This past weekend we had to admit a sad fact: One of our beehives was just not producing enough bees or bee supplies (i.e. honey) to survive a winter. We installed our two separate hives about 10 weeks ago. The “blue” hive is cranking. They have filled one bottom layer of files and more than half of a second. The “pink hive” has barely filled half of their starter layer. We don’t know what they are doing, but it ain’t much. To help ensure the success of at least one of our two hives, we decided to combine them – which basically means sacrificing the pokey queen for the strong one. It also means that we intentionally created a bee war in our backyard. Why do I keep hearing the Game of Throne’s theme playing in my head? Here’s how it works.
1. Condense the two hives that are to be joined.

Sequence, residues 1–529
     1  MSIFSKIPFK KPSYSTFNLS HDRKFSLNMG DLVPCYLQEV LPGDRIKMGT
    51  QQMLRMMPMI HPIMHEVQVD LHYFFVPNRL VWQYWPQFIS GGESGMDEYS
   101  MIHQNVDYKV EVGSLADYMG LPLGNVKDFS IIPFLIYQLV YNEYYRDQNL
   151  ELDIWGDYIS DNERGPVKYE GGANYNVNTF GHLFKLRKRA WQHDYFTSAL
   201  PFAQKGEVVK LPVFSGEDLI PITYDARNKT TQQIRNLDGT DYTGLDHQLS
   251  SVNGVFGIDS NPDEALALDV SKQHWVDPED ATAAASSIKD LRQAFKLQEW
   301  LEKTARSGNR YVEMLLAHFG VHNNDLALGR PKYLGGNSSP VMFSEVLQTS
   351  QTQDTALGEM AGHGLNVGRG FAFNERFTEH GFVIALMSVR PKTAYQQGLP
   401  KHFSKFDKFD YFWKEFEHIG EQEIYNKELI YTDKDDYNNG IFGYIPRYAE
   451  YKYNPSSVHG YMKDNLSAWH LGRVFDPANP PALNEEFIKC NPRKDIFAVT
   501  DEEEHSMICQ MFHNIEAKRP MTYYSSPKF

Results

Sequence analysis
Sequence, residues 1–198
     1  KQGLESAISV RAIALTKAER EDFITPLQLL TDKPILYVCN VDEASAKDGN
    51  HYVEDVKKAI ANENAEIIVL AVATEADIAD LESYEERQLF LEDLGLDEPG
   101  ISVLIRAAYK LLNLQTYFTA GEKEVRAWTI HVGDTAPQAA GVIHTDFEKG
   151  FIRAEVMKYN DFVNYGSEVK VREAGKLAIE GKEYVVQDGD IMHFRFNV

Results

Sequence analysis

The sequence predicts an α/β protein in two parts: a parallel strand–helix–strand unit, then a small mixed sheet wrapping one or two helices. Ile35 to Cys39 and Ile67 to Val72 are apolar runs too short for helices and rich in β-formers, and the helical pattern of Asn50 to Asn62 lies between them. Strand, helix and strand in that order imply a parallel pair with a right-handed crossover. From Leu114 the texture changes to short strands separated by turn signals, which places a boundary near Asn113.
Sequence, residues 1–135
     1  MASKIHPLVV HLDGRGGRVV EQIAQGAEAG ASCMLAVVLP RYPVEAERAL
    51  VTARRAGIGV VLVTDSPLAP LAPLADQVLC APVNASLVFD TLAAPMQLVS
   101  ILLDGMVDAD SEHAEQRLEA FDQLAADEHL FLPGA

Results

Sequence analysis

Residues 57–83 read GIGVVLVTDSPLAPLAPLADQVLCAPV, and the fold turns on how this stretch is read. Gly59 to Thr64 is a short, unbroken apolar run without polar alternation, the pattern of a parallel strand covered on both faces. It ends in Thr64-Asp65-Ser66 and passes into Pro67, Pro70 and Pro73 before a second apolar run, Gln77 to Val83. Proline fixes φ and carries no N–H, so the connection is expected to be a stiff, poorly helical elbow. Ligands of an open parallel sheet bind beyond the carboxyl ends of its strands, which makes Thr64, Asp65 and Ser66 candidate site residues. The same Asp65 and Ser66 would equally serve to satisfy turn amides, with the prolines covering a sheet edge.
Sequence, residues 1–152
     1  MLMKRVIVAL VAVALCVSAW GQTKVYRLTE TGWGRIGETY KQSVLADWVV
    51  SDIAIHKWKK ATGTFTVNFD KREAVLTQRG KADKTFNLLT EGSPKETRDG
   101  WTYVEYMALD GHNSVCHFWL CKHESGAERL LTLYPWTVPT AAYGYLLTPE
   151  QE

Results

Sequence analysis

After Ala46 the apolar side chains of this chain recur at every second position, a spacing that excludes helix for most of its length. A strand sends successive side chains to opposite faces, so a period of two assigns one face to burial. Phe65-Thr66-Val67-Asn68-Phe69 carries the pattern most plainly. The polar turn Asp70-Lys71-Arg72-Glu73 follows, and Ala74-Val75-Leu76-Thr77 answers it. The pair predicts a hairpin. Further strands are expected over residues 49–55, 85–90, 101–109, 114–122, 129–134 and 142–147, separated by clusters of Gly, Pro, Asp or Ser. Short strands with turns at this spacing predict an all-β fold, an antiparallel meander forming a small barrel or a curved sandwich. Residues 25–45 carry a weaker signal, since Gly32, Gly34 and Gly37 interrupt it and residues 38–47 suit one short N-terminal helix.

In our case that meant simply taking off the top layers (that we just put in a rash of hopefulness). They were mostly empty anyway, though of course there were probably a couple of hundred of bees in each of them.
2. Use smoke to get the “strong” hive to burrow in while you place a layer of newspaper on top.
When bees smell smoke, they think there is a fire, so they run home and eat. (Sensible reaction, don’t you think?). The paper layer is to help the two hives get used to each other. You place the layer over the one five, make some bee-sized holes.
3. Place the second hive on top of the first hive.
The bees will be forced to find their way through the paper. In time, they will chew through it and become one. The paper will serve as slight barrier that will allow the bees to get used to the smell of the other bee so the inevitable “war” isn’t as deadly.
4. Give them some extra food.
We placed a layer of sugar water on top to help them through the moral crisis.
5. Sit back and wait for the bees to learn to cohabitate.
Eventually the weaker hive will submit and become a part of the stronger hive. The weaker queen bee will be history, so to speak.
We’ll report back in a couple of weeks and let you know how it is going. Wish us luck!